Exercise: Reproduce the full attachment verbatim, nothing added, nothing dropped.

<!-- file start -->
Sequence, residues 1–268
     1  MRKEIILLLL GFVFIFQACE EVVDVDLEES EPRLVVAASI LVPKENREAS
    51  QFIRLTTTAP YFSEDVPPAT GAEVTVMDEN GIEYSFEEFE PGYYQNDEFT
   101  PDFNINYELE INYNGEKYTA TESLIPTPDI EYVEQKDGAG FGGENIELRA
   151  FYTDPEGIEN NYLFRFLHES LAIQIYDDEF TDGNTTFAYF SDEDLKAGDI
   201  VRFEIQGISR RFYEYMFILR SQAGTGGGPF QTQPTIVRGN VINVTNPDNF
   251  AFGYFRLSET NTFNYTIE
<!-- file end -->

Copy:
Sequence, residues 1–268
     1  MRKEIILLLL GFVFIFQACE EVVDVDLEES EPRLVVAASI LVPKENREAS
    51  QFIRLTTTAP YFSEDVPPAT GAEVTVMDEN GIEYSFEEFE PGYYQNDEFT
   101  PDFNINYELE INYNGEKYTA TESLIPTPDI EYVEQKDGAG FGGENIELRA
   151  FYTDPEGIEN NYLFRFLHES LAIQIYDDEF TDGNTTFAYF SDEDLKAGDI
   201  VRFEIQGISR RFYEYMFILR SQAGTGGGPF QTQPTIVRGN VINVTNPDNF
   251  AFGYFRLSET NTFNYTIE